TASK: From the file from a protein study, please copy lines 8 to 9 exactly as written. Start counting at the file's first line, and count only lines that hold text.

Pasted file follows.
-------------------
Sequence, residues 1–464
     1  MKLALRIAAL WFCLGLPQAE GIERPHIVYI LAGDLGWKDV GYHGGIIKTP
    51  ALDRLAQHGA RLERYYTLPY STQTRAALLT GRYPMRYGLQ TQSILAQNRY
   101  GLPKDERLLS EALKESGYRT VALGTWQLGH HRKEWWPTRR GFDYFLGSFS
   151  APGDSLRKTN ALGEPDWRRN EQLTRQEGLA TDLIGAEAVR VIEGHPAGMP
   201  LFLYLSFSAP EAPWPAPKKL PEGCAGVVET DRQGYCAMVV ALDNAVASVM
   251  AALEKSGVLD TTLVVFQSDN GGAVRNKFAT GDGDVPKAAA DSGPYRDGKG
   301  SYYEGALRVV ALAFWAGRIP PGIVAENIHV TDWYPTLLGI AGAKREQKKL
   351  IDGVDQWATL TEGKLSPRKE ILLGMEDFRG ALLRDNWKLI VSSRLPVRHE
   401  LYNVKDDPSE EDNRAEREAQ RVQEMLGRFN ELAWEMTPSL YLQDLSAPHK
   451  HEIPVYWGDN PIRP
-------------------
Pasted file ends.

   301  SYYEGALRVV ALAFWAGRIP PGIVAENIHV TDWYPTLLGI AGAKREQKKL
   351  IDGVDQWATL TEGKLSPRKE ILLGMEDFRG ALLRDNWKLI VSSRLPVRHE